In her first collection in five years, Anne Carson contemplates “decreation”–an activity described by Simone Weil as “undoing the creature in us”–an undoing of self. But how can we undo self without moving through self, to the very inside of its definition? Where else can we start?
Anne Carson’s Decreation starts with form–the undoing of form. Form is various here: opera libretto, screenplay, poem, oratorio, essay, shot list, rapture. The undoing is tender, but tenderness can change everything, or so the author appears to believe.
About the author
Anne Carson was born in Canada and teaches ancient Greek for a living. A former MacArthur Fellow, awards for her numerous books include the T.S. Eliot Prize and The Los Angeles Times Book Prize. Red Doc> was recently awarded the Griffin Poetry Prize and the inaugural Folio Prize. Her first full poetry collection, Short Talks, was published by Brick Books in 1992 and was presented as a new edition in 2015: SHORT TALKS: BRICK BOOKS CLASSICS 1.
Excerpt: Decreation: Poetry, Essays, Opera (by (author) Anne Carson)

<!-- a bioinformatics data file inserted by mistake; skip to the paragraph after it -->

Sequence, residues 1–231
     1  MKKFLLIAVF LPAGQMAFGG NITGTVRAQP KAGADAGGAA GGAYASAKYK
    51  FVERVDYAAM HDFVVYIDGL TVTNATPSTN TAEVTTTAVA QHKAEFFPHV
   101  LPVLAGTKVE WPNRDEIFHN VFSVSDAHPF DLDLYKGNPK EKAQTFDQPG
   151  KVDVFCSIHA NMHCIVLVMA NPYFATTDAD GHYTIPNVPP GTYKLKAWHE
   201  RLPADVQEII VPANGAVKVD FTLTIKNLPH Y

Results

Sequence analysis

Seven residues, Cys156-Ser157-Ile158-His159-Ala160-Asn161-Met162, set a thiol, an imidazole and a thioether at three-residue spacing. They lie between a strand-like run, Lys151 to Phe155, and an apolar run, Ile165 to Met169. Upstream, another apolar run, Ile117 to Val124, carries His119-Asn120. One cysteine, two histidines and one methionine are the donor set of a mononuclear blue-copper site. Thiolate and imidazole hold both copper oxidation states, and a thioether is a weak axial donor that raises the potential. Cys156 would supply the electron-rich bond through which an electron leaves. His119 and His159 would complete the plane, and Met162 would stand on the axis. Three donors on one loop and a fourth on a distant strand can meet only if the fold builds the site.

Outwardly His Life Ran SmoothlyComparative figures: 1784 Kant owned 55 books, Goethe 2300, Herder 7700.Windows: Kant had one bedroom window, which he kept shut at all times, toforestall insects. The windows of his study faced the garden, on the the other side ofwhich was the city jail. In summer loud choral singing of the inmates wafted in.Kant asked that the singing be done sotto voce and with windows closed. Kant hadfriends at city hall and got his wish.Tolstoy: Tolstoy thought that if Kant had not smoked so much tobacco TheCritique of Pure Reason would have been written in language you could under-stand (in fact he smoked one pipe at 5 AM).Numbering: Kant never ate dinner alone, it exhausts the spirit. Dinner guests, inthe opinion of the day, should not number more than the Muses nor less than theGraces. Kant set six places.Sensualism: Kant's favourite dinner was codfish.Rule Your Nature: Kant breathed only through his nose.